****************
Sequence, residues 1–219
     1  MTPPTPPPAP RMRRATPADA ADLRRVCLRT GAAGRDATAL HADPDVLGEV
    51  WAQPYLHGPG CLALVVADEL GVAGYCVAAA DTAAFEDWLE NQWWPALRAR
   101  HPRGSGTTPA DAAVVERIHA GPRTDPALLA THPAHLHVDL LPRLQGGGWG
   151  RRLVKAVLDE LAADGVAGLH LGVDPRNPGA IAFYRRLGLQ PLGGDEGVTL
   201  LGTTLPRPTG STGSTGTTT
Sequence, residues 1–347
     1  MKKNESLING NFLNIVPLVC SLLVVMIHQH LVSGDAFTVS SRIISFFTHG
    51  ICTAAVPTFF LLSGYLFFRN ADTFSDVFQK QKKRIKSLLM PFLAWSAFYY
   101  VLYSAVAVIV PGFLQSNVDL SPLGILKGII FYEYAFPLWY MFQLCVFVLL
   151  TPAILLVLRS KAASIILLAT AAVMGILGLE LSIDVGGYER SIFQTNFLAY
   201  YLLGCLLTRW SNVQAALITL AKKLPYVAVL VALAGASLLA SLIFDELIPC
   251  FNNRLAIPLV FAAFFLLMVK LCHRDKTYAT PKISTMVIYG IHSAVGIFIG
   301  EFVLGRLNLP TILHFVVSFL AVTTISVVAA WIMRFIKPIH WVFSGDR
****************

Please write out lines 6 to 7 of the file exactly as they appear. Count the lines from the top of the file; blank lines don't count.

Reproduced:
   201  LGTTLPRPTG STGSTGTTT
Sequence, residues 1–347